Hiring, Cheaper Fuel Give U.S. Retailers a Boost: EconomyShobhana Chandra
Shoppers basking in the glow of falling fuel prices and rising employment are opening their wallets, paying new dividends for the U.S. economic expansion in the midst of the holiday season.
Retail sales rose 0.7 percent in November, the most in eight months, as consumers snapped up electronics, clothing and furniture, according to Commerce Department figures issued today in Washington. Other reports showed fewer Americans filed claims for jobless benefits last week and confidence climbed to the highest level in seven years.
The biggest hiring increase in more than a decade and the lowest gasoline prices in four years are convincing households that the acceleration in economic growth will be sustained. Stocks rebounded from yesterday’s selloff as some economists boosted fourth-quarter gross domestic product estimates.
“We could have a blowout period for consumer spending in December, which gives the economy momentum going into 2015,” said Chris Rupkey, chief financial economist at Bank of Tokyo-Mitsubishi UFJ Ltd. in New York, who correctly predicted the gain in retail sales. “The oil glut is a boon. Employment is growing solidly. The economy is picking up speed.”
Stocks rebounded from the worst day in seven weeks after the figures boosted retailers and confidence in the economy. The Standard & Poor’s 500 Index climbed 0.5 percent to 2,035.33 at the close in New York. The S&P 500 Retailing Industry Group Index jumped 1 percent, the biggest gain this month.
Last month’s retail sales gain was the biggest since March and followed a 0.5 percent advance in October that was larger than previously estimated. Demand improved in 11 of 13 major store categories.
The median forecast of 87 economists surveyed by Bloomberg called for a 0.4 percent increase. Estimates ranged from little changed to an increase of 0.7 percent. Retail sales for October were previously reported as a gain of 0.3 percent.
A Labor Department report today showed the number of applications for unemployment insurance benefits declined by 3,000 in the week ended Dec. 6 to 294,000.
The Bloomberg Consumer Comfort Index increased to 41.3 in the period ended Dec. 7, its highest since December 2007, from 39.8 the week before. Measures on the economy and buying climate also rose to the strongest levels in seven years.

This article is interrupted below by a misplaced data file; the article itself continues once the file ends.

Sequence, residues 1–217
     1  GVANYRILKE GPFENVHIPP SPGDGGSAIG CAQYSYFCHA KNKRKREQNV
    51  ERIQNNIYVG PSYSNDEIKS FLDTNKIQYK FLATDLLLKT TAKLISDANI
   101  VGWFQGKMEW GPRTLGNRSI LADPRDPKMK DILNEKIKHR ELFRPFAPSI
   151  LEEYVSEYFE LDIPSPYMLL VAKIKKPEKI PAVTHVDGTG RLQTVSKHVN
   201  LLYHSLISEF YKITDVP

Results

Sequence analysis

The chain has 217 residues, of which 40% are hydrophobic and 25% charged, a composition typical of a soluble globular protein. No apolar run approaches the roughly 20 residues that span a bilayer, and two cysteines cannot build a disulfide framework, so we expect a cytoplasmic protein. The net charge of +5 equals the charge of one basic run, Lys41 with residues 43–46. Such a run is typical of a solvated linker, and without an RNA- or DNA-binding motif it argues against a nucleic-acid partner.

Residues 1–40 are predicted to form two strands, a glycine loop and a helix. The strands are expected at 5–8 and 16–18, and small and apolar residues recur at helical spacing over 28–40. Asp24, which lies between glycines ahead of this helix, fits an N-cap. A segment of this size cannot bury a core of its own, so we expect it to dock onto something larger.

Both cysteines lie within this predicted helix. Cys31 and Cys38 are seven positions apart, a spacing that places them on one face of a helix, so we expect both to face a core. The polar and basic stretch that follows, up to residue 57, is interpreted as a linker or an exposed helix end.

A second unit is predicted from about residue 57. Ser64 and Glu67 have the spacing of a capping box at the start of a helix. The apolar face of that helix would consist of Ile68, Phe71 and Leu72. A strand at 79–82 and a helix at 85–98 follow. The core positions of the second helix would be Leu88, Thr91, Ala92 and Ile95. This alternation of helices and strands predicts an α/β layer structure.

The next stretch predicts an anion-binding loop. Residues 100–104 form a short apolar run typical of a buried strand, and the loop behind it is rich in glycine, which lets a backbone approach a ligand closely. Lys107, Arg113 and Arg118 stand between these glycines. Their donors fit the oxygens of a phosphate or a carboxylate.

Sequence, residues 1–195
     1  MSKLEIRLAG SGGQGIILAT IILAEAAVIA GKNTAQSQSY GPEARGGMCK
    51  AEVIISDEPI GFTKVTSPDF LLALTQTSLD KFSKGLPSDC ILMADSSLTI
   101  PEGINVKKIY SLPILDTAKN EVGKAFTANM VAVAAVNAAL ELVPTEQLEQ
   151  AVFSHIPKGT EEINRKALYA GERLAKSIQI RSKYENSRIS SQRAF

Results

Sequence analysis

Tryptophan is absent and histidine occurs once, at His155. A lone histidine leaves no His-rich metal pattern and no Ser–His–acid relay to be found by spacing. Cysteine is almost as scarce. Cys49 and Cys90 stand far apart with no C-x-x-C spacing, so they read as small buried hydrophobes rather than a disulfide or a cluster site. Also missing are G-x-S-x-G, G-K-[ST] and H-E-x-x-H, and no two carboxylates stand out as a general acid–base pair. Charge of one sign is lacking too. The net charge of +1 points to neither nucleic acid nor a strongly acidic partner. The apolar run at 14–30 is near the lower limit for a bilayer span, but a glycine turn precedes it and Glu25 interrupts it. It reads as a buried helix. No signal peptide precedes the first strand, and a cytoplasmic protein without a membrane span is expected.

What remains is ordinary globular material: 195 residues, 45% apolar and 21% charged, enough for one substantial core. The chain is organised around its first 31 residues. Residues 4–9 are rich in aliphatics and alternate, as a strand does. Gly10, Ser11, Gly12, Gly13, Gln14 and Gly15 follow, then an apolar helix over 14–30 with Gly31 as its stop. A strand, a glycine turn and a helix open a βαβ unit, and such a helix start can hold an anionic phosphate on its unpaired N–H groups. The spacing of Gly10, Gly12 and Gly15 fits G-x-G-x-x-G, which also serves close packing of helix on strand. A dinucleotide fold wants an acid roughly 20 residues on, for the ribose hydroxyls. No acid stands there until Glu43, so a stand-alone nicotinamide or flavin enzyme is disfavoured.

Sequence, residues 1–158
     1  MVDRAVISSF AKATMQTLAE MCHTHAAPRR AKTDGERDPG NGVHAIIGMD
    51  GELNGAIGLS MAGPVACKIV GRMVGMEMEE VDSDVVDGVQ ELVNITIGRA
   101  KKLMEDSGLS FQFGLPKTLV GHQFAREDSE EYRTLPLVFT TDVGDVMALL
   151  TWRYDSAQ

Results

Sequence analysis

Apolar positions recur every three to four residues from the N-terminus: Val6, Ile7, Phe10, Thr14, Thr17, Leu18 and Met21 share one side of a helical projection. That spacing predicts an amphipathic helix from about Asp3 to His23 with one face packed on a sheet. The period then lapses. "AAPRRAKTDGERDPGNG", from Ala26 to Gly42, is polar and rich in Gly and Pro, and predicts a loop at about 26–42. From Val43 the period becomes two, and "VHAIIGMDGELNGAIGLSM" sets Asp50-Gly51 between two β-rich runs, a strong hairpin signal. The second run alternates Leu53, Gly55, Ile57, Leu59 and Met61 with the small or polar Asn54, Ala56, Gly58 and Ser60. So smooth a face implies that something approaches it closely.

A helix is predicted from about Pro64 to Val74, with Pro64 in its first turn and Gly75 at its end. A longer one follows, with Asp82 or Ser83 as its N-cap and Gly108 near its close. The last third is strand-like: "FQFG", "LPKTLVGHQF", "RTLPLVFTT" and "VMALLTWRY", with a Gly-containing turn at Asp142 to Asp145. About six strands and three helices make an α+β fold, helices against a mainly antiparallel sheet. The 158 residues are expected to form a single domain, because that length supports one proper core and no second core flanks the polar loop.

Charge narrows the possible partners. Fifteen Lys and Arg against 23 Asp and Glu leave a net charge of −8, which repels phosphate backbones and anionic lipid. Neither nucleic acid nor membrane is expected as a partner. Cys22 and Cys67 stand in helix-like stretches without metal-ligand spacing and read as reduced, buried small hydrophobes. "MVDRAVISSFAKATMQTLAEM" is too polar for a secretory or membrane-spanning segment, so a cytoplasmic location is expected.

The Commerce Department’s figures showed sales climbed 1.7 percent at automobile dealers after a 0.8 percent increase the prior month.
Industry figures, the ones used to calculate economic growth, showed sales of cars and light trucks rose to a 17.1 million annualized rate in November from 16.4 million the prior month, according to data from Ward’s Automotive Group. In August, the rate was 17.5 million, the most since January 2006.
“Households are reaping significant disposable income gains each week at current gas prices,” Emily Kolinski Morris, chief economist of Dearborn, Michigan-based Ford Motor Co., said on a Dec. 2 sales call.
Retail sales excluding autos also increased 0.5 percent, today’s report showed. They were projected to rise 0.1 percent, according to the Bloomberg survey median.
The only two retail categories showing declines last month were service stations and miscellaneous retailers.
Gasoline station sales dropped 0.8 percent as lower gasoline costs depressed receipts. The Commerce Department’s data aren’t adjusted for prices.
Lower fuel prices are freeing up money for consumers to spend elsewhere. Regular gasoline at the pump sold at an average $2.62 a gallon as of Dec. 10, down more than $1 from this year’s high in April, according to AAA, the biggest U.S. auto group.
“The consumer is doing pretty well,” said Thomas Simons, an economist at Jefferies LLC in New York, who predicted a 0.5 percent gain in retail sales. “Any money consumers are saving from lower gasoline prices is being deployed elsewhere. The broad-based increase in sales is quite encouraging.”
Excluding autos, gasoline and building materials, which render the figures used to calculate GDP, sales climbed 0.6 percent, the most since June, after a 0.5 percent increase the previous month.
A strengthening job market is one reason gains are broad-based. Payrolls jumped by 321,000 last month, the most in almost three years, after a 243,000 gain in October. Employment this year is poised to rise by the most since 1999. The jobless rate held at a six-year low and average hourly earnings rose by the most since June 2013.
The improving job market helped make up for a decline in household wealth last quarter. Net worth fell by $140.9 billion from July through September, or 0.2 percent from the previous three months, to $81.3 trillion, the Federal Reserve said today from Washington in its financial accounts report, previously known as the flow of funds survey.
Early discounts probably lured shoppers to spring for more holiday gifts. That helped November same-store sales to exceed analysts’ estimates at chains including L Brands Inc., the owner of the Victoria’s Secret and Bath & Body Works brands, clothing chain Gap Inc. and warehouse club Costco Wholesale Corp.
Holiday season sales gains will allow the economy to build on the strength seen earlier in the year. GDP grew at a 3.9 percent annualized rate in the three months ended in September, after a 4.6 percent second-quarter pace that was the fastest since the end of 2011. Household consumption expanded at a 2.2 percent pace.
Economists at Morgan Stanley in New York raised their tracking estimate for the fourth-quarter gain in consumer spending to 3.7 percent from 3.2 percent. That increased their GDP projection to 2.2 percent from 1.9 percent. Colleagues at Barclays Plc raised the growth forecast to 2.2 percent from 2 percent after also taking into account an October gain in inventories reported by the Commerce Department today.